As computers were finding their way into every teacher’s hands, and more classes were moving to some sort of Bring-Your-Own-Device model, I was arguing the biggest shift had nothing to do with the computers. And as I look back over the shifts that computers brought, I am seeing it happen again as we embrace refreshed curriculum in British Columbia – and the biggest shifts are not about the curriculum.
When I was Principal at Riverside Secondary in Port Coquitlam just over a decade ago, our school like many others, was working to put laptops in the hands of all the teachers in the school. This shift had an amazingly powerful influence on teaching and learning. As each year more teachers took advantage of the laptops available to them, they began to thoughtfully examine their practice, carefully considering the opportunities now available that were not available without the technology. Talking about how we teach is not easy, it is very personal and our profession is often quite isolating. Talking about technology is much easier. There is no harm in admitting you don’t know how your gizmo works. And what we saw at Riverside was that as we had conversations about our gizmos we quickly moved to conversations about our practice. The technology opened the door for conversations that we often avoid.
I shared my bias in a post last fall, that when faced with six education system transformation drivers, Shifting Curriculum, Shifting Pedagogies, Shifting Learning Environments, Shifting Assessment, Shifting Governance, Shifting Citizen and Stakeholder Engagement, my bias is that the primary focus should be on pedagogies.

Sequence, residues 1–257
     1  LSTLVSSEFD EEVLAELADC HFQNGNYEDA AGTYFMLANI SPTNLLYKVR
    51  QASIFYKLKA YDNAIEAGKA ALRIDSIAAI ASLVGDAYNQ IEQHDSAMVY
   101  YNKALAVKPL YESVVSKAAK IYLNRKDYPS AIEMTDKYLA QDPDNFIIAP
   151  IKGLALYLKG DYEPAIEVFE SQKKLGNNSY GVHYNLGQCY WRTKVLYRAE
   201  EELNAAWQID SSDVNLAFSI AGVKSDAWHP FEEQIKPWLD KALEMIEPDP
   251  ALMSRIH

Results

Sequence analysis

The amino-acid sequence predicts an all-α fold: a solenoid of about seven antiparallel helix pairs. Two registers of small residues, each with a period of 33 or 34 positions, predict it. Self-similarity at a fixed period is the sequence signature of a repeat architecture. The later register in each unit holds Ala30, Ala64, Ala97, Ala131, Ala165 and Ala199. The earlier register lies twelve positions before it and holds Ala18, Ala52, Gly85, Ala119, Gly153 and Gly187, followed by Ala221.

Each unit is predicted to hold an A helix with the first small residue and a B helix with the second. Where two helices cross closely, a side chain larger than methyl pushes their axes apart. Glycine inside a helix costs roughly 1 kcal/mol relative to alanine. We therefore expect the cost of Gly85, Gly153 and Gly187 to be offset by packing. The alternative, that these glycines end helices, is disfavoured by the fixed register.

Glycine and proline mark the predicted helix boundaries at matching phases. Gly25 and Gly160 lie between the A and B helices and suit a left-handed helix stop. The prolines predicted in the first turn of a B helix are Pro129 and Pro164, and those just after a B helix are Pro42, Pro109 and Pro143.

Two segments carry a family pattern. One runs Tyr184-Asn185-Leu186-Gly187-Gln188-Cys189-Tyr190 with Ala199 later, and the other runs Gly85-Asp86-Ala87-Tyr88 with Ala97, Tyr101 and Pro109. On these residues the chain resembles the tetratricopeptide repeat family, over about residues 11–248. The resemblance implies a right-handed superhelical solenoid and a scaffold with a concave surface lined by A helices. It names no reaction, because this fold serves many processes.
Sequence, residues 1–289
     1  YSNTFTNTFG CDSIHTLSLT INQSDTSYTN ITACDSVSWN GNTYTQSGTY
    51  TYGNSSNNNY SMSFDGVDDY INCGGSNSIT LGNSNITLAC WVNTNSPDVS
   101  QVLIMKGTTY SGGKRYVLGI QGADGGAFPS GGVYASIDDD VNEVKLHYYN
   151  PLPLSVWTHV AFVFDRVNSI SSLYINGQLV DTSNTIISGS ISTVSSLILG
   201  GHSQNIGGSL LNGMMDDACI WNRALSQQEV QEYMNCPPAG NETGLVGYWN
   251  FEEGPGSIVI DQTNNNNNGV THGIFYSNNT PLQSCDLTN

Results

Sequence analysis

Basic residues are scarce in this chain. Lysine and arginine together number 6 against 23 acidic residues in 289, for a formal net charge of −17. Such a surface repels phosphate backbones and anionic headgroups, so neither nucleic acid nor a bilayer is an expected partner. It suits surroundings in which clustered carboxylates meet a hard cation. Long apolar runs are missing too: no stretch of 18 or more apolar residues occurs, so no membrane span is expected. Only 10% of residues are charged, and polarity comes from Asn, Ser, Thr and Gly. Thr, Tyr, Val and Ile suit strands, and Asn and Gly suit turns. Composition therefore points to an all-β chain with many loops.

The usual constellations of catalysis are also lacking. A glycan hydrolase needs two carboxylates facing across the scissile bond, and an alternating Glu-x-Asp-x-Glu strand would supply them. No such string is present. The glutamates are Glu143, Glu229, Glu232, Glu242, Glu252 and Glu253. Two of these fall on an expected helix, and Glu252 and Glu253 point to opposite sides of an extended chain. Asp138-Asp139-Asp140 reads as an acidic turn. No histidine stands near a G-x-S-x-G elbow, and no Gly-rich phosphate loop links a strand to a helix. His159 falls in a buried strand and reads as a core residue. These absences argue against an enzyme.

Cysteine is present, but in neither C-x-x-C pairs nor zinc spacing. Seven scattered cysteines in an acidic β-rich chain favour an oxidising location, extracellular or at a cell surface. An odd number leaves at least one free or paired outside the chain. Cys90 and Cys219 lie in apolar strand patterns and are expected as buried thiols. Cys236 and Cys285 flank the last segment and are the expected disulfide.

I saw a decade ago, that shifting technologies were opening up the driving conversation of shifting pedagogies. Fast forward a decade and now a very similar phenomena is happening with refreshed curriculum in British Columbia. The Ministry of Education in British Columbia describes the shift, “British Columbia’s curriculum is being redesigned to respond to the demanding world our students are entering. Transformation in curriculum will help teachers create learning environments that are both engaging and personalized for students. At the heart of British Columbia’s redesigned curriculum are core competencies, essential learning and literacy and numeracy foundations.”
Teachers, administrators and school districts have been allocated dedicated time to work with the new curriculum that is in draft this year for K-9 and will be fully implemented next year. The 10-12 curriculum follows one year later. And it has been so interesting to listen to feedback as teachers work together on the curriculum. As I visited those working on the curriculum and debriefed with others afterwards, nobody was talking about the content. People made comments like, “I didn’t realize how much similarity there is between our elective areas”, “We made plans to do some joint units next year” and “It is great we all now have the same understanding of core competencies.” The curriculum has given people a reason, an opportunity and a purpose for looking at their practice. Again like with the computer, the power is not in the curriculum, but in the conversations and shifts in what we do in the classroom.
There are some amazing new connections being built through the curriculum implementation process. I talked to people who have worked in the same school with colleagues for years, but now feel they have a reason to work together. The power of the curriculum is not in what is written and posted on the website. The power is in how it comes to life in classrooms.
So far, so good.